[This is the second of three responses to Muriam Haleh Davis’ review essay of books by Joan W. Scott, Naomi Davidson, and Mayanthi Fernando. For Joan W. Scott’s response, “More on Laïcité in Historical Context," click here.] A cartoon by the French cartoonist Gil from 10 January, titled “Communion nationale,” shows a white policeman frisking an ambiguously raced man standing against the wall with his hands in the air. “Je suis Charlie,” says the man, and the policeman replies, “Yeah, yeah, me too.” In the past month, many of us have seen an explosion of items in the French press about Muslims (be they radical/homegrown/foreign/prisoners/mentally ...

Keep Reading »

New Texts Out Now: Mayanthi L. Fernando, The Republic Unsettled: Muslim French and the Contradictions of Secularism

[Cover of Mayanthi L. Fernando,

Mayanthi L. Fernando, The Republic Unsettled: Muslim French and the Contradictions of Secularism. Durham: Duke University Press, 2014. Jadaliyya (J): What made you write this book? Mayanthi Fernando (MF): When I first went to the field, I imagined a more conventional ethnography of the Islamic revival in France. I was interested in how a French (and more broadly European) context, in which Muslims are a minority, transforms the ritual and hermeneutical practices of the Islamic tradition. I was asking, essentially, what effect does the fact that Muslims born and raised in France are, quite literally, schooled in French republican epistemologies and values have on their ...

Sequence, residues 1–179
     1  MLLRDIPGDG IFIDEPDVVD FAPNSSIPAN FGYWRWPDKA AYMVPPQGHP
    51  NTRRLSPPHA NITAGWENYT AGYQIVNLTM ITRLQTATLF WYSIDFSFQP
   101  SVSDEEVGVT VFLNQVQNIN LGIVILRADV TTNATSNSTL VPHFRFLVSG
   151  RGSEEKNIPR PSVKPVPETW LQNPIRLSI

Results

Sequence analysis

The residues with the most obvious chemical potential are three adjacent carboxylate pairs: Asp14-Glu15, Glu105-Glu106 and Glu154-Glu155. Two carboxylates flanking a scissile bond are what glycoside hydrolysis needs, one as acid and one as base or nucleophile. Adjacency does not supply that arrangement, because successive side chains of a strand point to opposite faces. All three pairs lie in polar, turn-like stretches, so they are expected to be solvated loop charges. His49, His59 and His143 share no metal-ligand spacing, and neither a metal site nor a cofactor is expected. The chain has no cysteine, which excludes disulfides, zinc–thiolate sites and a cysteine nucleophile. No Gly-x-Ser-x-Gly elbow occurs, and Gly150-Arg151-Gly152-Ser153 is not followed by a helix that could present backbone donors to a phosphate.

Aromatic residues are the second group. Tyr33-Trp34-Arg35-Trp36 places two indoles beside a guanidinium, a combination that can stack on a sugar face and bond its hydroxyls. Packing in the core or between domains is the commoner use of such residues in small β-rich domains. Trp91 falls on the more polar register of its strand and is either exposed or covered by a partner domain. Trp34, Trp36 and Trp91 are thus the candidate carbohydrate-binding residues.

Keep Reading »

Maghreb Media Roundup (January 30)

[Image of the Arch of Trajan in Timgad, Algeria. Image by zedamnabil/Flickr]

[This is a roundup of news articles and other materials circulating on the Maghreb and reflects a wide variety of opinions. It does not reflect the views of the Maghreb Page Editors or of Jadaliyya. You may send your own recommendations for inclusion in each week's roundup to maghreb@jadaliyya.com by Thursday night of every week] Algeria Is a Late ‘Arab Spring’ Knocking on Algeria’s Doors from the Desert? Adam Al-Sabiri considers the implications of the vast protest movement against shale gas operation in southern Algeria. Corporate management: Need to draft charter on governance of public companies As Algeria looks to diversify its economy and ...

Keep Reading »

Charlie Hebdo ve Cumhuriyetin Sinirlari